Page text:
Male circumcision is protective against human immunodeficiency virus (HIV) and select other STIs. The protective role of male circumcision in genital herpes simplex virus (HSV) infection and disease, however, remains controversial.
We evaluated data from a sample of heterosexual black men attending a sexually transmitted diseases clinic to determine if circumcision status influenced HSV-1 and HSV-2 seroprevalence, clinical genital disease, or asymptomatic shedding. Consenting participants answered questionnaires detailing sexual history, then underwent a focused physical examination, serological testing for HSV-1 and HSV-2, and collection of genital swabs for virus detection. Univariate and multivariate analyses were performed to assess the relationship of circumcision status to HSV seroprevalence.
Of 460 men, 335 (73%) were circumcised and 125 (27%) were not circumcised; 61% were HSV-1 positive and 46% were HSV-2 positive. HSV-2 seroprevalence did not significantly differ between circumcised and uncircumcised men. However, uncircumcised men had a significantly higher HSV-1 seroprevalence than circumcised men (OR: 1.85; CI: 1.15–2.96). This difference in seroprevalence occurred only in men between 18 and 25 years of age (OR: 2.83; CI: 1.38–5.83) with men over 26 years of age having similar HSV-1 seroprevalence. Lack of circumcision remained independently associated with higher HSV-1 seroprevalence after adjusting for age, years since sexual debut, and lifetime number of sexual partners. For both groups, 20% of men had genital lesions on physical examination. Of circumcised and uncircumcised men with genital lesions, 33% and 31% were actively shedding HSV-1 or HSV-2 from lesions, respectively. Asymptomatic HSV shedding was observed in 12 participants, all of whom were circumcised.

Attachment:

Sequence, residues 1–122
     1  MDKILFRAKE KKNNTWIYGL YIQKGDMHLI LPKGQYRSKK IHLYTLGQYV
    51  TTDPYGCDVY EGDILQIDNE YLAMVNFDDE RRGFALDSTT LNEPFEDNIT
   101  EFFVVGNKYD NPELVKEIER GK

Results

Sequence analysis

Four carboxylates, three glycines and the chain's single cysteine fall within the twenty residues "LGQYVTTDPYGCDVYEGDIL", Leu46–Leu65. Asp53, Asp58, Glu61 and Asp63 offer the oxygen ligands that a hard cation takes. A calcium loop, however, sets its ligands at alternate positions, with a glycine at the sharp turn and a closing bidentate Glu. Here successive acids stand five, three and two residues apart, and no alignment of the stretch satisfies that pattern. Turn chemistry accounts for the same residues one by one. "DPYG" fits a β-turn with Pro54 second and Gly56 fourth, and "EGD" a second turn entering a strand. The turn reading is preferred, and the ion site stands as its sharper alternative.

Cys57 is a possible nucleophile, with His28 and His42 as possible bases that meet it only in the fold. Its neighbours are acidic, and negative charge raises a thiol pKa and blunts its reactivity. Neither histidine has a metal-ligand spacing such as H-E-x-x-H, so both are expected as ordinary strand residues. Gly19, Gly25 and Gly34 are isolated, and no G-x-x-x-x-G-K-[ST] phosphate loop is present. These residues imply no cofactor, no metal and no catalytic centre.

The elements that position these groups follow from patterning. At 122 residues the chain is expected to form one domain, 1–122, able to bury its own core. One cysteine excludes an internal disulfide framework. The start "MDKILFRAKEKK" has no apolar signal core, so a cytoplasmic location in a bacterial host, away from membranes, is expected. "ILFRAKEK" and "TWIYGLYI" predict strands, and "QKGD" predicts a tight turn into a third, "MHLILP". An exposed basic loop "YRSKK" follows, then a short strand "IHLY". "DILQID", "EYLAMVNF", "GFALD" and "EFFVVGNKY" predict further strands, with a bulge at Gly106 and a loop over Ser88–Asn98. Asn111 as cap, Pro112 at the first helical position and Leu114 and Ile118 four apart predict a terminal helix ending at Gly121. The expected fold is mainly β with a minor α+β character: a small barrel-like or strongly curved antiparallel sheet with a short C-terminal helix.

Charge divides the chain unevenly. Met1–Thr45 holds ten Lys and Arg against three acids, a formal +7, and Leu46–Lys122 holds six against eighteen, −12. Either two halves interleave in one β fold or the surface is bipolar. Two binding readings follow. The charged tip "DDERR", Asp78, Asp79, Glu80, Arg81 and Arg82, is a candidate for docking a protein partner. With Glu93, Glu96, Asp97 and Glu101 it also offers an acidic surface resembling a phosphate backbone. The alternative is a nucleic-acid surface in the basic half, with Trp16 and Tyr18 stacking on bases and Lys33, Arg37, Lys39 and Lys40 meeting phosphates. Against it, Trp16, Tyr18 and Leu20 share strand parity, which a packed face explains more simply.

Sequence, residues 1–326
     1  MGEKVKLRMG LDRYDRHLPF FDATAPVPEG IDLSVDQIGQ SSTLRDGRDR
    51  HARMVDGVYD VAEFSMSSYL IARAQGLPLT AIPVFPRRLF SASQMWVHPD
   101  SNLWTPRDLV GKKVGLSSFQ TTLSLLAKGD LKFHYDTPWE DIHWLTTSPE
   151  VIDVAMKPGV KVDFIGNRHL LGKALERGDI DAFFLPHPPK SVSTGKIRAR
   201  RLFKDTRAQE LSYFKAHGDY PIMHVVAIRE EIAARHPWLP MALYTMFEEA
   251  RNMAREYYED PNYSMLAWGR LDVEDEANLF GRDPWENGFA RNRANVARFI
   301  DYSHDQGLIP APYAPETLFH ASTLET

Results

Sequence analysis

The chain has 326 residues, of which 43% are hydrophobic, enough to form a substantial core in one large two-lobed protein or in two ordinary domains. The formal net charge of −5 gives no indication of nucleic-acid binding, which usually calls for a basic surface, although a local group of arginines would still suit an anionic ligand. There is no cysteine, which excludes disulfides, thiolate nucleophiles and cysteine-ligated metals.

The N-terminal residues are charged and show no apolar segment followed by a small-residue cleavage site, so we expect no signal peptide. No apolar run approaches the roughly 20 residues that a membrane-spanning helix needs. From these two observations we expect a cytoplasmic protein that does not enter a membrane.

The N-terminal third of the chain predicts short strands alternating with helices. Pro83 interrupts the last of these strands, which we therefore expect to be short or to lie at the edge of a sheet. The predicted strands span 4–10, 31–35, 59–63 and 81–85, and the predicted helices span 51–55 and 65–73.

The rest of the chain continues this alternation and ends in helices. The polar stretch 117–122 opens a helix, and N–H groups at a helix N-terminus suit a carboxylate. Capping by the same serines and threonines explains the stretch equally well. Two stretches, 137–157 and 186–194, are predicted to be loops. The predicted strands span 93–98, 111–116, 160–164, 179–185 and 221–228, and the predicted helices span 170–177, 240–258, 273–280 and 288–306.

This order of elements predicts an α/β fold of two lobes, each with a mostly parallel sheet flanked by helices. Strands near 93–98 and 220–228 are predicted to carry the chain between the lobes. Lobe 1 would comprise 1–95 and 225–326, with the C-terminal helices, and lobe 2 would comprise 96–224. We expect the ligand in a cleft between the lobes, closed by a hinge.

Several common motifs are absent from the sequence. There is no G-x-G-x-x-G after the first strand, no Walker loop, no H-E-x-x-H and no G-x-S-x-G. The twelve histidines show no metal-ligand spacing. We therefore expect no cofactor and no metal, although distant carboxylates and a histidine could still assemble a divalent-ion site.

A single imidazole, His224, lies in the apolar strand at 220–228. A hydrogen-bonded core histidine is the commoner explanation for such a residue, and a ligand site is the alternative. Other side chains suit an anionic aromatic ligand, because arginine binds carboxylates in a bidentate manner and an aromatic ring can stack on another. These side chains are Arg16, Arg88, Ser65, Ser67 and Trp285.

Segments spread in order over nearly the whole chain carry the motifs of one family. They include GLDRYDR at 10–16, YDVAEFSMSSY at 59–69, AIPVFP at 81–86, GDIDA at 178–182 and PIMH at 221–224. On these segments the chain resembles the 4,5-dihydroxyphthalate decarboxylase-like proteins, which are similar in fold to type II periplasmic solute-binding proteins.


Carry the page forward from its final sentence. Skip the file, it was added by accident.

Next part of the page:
Lack of male circumcision is associated with higher HSV-1, but not HSV-2, seroprevalence in young black heterosexual men.
In black men attending an STD clinic in Birmingham, AL, circumcision was associated with reduced HSV-1 seroprevalence in young men and a trend toward lower HSV-2 seroprevalence in older men.
From the *Division of Infectious Diseases, Department of Medicine, University of Alabama, Birmingham, AL; and †Division of Infectious Diseases, Department of Medicine, University of Tennessee College of Medicine, Chattanooga, TN
Supported by University of Alabama at Birmingham, Sexually Transmitted Diseases Cooperative Research Center (grant 5U19 Al38514–07), and GlaxoSmithKline.
Correspondence: Nicholas J. Van Wagoner, MD, PhD, THT 229, 1900 University Blvd, Birmingham, AL 35294. E-mail: email@example.com.
Received for publication April 19, 2009, and accepted September 13, 2009.